With their complex writing systems, getting around in Japan or China can be stressful for even the most seasoned of tourists. Sure, you could carry a travel dictionary in your pocket while you go sightseeing, but how are you supposed to look up all those funny looking sticks and squiggles when you don’t even know how to pronounce them? Often the locals try to be helpful by providing an English translation, but there are reasons why that doesn’t always work out. If only there was a way to just wave your magic smartphone over some unintelligible text and have it provide a reliable translation on the spot. Well, as we discovered over at Shanghai Listthere’s an app for that.

Translator/Dictionary Chinese and Japanese by Waygo is available via the App store and Google Play and claims to reliably translate Japanese or Chinese by simply asking you to focus your smartphone’s built-in camera on the text in question and watch as the translation pops up, complete with pronunciation guide. The really cool thing about Waygo is that you don’t even need to be connected to the internet for it to work! Forget about paying through the nose for expensive pocket wifi rental or dashing from one internet cafe to the next, because this app’s got you covered!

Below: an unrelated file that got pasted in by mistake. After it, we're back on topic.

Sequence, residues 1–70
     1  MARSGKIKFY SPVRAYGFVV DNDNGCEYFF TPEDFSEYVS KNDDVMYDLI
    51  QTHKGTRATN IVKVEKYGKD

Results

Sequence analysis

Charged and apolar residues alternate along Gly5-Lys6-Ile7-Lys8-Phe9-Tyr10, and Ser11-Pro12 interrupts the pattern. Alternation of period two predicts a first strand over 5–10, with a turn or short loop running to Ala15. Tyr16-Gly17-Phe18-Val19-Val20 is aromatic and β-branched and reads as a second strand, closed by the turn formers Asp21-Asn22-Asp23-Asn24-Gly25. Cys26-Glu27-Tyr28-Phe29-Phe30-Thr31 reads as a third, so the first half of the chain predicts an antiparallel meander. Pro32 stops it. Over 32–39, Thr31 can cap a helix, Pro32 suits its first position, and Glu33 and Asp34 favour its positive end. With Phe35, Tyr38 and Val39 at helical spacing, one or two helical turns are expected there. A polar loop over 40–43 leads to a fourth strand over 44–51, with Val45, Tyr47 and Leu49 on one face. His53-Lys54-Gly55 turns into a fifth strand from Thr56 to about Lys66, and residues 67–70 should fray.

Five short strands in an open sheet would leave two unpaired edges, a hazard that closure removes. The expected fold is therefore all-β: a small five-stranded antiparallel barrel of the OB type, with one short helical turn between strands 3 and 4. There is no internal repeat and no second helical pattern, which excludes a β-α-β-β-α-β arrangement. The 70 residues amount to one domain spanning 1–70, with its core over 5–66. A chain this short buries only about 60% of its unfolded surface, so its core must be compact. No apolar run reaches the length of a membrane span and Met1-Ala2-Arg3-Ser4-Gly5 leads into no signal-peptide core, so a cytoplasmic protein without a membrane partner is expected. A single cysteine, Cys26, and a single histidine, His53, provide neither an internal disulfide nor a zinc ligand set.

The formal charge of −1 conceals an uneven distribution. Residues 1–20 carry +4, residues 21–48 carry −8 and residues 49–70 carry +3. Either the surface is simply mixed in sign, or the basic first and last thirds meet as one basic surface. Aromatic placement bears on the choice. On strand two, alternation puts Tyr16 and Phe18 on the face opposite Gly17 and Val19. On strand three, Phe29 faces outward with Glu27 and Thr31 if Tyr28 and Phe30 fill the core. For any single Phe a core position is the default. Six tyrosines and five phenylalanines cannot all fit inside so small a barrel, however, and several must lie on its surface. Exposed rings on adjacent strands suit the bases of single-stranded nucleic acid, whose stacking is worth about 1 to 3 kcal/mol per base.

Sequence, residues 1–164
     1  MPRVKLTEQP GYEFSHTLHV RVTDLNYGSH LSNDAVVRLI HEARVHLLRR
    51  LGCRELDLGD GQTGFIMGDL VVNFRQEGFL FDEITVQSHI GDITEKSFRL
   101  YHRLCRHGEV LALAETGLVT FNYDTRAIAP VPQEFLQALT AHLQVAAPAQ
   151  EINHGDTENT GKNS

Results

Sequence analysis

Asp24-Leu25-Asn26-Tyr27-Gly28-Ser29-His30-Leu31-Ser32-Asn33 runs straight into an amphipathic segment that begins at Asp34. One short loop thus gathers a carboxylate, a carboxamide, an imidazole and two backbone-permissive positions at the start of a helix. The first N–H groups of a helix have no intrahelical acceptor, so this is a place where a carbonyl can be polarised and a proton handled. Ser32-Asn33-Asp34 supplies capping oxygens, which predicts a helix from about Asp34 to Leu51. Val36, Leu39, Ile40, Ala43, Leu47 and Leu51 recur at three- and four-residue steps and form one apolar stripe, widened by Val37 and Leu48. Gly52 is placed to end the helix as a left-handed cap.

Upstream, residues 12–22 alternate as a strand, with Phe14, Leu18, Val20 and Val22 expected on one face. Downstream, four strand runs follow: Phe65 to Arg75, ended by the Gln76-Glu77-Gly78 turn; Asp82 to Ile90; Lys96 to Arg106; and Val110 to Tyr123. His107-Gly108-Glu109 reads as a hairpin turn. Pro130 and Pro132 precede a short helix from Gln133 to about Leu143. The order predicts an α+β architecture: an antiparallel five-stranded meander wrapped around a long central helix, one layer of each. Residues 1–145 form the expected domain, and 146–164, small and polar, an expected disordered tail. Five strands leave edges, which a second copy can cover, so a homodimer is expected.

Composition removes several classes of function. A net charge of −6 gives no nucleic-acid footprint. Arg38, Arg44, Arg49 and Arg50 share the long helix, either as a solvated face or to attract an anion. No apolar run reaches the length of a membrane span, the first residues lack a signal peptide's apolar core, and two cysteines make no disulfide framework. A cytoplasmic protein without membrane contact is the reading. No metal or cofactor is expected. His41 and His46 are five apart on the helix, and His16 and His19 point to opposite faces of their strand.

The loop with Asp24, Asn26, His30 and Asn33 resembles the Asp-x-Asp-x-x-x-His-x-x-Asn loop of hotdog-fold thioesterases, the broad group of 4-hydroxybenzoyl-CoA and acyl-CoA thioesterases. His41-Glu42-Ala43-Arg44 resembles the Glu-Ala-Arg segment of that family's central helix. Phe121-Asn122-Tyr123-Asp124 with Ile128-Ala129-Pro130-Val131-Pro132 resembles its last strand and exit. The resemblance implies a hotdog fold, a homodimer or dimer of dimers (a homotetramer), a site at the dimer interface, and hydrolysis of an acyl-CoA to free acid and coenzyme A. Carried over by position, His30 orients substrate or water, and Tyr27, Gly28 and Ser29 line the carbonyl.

Here’s a demonstration of the app in action:

Hmm, it looks pretty good, but we still weren’t 100 percent convinced – there’s a lot of apps out there that claim to provide accurate translations of Chinese and Japanese after all, so the only way to gauge the usefulness of this app was to… download the trial version and try it out for ourselves! The free version of the app limits you to 10 translations per day, which we managed to use up fairly quickly.

First, we started off with Japanese. Switching between languages is as easy as swiping left to the language menu and picking one or the other.

Let’s see what Waygo makes of our Japanese textbook!

▼Hey! Not bad, not bad at all!


Okay, what about this random magazine we had lying around?

▼ Um… not quite…


But hang on a sec… a little bit of re-positioning and waiting, and…

▼There it is!


We then switched to Chinese mode and set the app loose on a packet of hot and sour soup.

▼ Good. Just good? That all? You sure? We thought the second character was “kitchen” but  the app was reluctant to elaborate further.


The app also failed to recognize some of the more elaborate, calligraphy-style font on the back of the soup packet. To get the best results, it’s probably better to stick to plain text and avoid handwriting altogether. Upping the lighting and re-positioning a few times also helps, but it seems that if you’re not sure where one word ends and the other begins, you might position your camera in the wrong place and wind up with complete gibberish. Or parsley.

The app certainly seems like it would come in handy for deciphering simple signs and restaurant menus, but for a more in-depth translation you’re probably better off asking someone who knows both languages. What do you think of translation apps like this?

Source: Shanghai List
Images: MFinChina, RocketNews24